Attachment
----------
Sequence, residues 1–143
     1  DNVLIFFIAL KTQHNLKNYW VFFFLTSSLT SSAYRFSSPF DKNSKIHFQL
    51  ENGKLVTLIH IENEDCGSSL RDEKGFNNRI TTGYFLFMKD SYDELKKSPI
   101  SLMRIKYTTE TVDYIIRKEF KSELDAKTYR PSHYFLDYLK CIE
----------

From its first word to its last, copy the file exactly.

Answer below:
Sequence, residues 1–143
     1  DNVLIFFIAL KTQHNLKNYW VFFFLTSSLT SSAYRFSSPF DKNSKIHFQL
    51  ENGKLVTLIH IENEDCGSSL RDEKGFNNRI TTGYFLFMKD SYDELKKSPI
   101  SLMRIKYTTE TVDYIIRKEF KSELDAKTYR PSHYFLDYLK CIE